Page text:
From what I’ve seen in your journal you walked into this program after:

  1. Obtaining a great strength base
  2. Obtained a solid conditioning and lactic-threshold base via CF, in which you
    lost strength
  3. Played around and arrived to where you’re at now.

So my question is; can you obtain that solid conditioning and lactic-threshold level that you already obtained via CF and held onto through this program? You’re conditioning and WOD times have gone up so I assume it’s safe to say yes but again you had a base. What about the lower/unconditioned?

Whatever blows your hair back. Rip and Greg each wrote a treatise on this in the last month. Pick the one that suits your needs. Please note that the ease of tea-bagging is directly proportional to bar position.

  1. I’d say a good strength base.
  2. Yes.
  3. Pretty much.

Time will tell. The early returns indicate that yes, shorter, less frequent Metcons, combined with and complementary to a program of gym/OLY/power can give you (me, at least) a nice conditioning/lactic-threshold. In six months, we’ll have a better idea of how much metcon is enough.

That pretty sums up my experience after following (attempting to follow) that protocol for the past year and a half.

It led to many plateaus, a stagnant CF Total, and few PRs. not to mention recovery issues and little or no motivation to exert myself in sport (jiu-jitsu). It was pretty hard physically and (honestly) emotionally.

This is what I like about your thoughts Mr. Grimes and ESPECIALLY the recent ME Blackbox article in Performance Menu Issue 41 - June 2008.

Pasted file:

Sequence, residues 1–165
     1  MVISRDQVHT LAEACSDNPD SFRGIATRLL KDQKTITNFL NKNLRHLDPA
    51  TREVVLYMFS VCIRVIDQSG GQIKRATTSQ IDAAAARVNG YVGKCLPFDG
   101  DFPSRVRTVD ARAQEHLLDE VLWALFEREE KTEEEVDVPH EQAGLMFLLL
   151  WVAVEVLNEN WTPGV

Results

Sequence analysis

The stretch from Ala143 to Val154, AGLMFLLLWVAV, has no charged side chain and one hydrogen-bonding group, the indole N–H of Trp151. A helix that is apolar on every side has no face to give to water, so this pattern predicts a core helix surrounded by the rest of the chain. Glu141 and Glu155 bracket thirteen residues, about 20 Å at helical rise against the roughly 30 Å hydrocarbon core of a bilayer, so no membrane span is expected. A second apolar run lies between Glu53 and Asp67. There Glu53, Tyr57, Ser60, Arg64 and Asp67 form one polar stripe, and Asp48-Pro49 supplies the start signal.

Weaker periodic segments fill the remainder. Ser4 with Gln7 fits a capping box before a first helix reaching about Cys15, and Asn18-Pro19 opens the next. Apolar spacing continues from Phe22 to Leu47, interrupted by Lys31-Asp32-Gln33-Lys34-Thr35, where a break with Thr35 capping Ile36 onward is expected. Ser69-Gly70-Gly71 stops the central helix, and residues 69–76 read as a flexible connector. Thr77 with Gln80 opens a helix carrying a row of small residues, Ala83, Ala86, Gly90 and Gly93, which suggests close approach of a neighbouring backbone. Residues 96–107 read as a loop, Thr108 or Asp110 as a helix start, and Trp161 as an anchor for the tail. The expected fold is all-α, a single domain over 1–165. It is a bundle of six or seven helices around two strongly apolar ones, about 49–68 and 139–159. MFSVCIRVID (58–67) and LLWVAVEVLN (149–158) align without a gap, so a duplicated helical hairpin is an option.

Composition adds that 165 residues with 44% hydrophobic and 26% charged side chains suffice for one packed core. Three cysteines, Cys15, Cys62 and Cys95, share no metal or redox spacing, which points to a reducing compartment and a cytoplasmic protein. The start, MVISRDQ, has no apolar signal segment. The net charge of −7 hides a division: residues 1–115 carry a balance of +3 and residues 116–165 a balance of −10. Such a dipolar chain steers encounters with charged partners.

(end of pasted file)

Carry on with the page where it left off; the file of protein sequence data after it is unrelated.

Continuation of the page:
Your postings and Coach Rutherford’s work have helped to move me towards a more balanced training approach (IMO) and ultimately a more balanced lifestyle.

Thanks, David. There are many teachers here and much to be thankful for. I have borrowed heavily from several people in designing this. Building on SS and CF, Coach Rut’s original MEBB article is what first set me down this path, followed by the CA WOD. And it’s nice to have Rip around to bounce ideas off of (he’s been very supportive of this and not surprised by the results).

The final push was reading the goals of the people on the PM forums. When I started reading MOD’s and Dr. G’s stuff, I realized that personal happiness was as much (for me, more) a part of personal fitness than beating other people, lifting more weight, and smashing old PRs. Once I focused on the former, I accomplished the latter.

Be happy.

I’ve been trying to simplify these ideas/concepts in my head for the easiest understanding for myself (and especially if I’m going to explain it to others).

Basically, it is coming down to using the various exercise tools in their best applications.

For building plain lower body and posterior chain strength, there’s low rep slow lifts.

For taking that strength and turning it into power there’s the Olympic Lifts done in their favored low rep ranges.

For upper body strength, Gymnastics training done in low rep ranges.

For improving work capacity and general ability to tolerate training discomfort, there is Kettlebell training done in the GS style.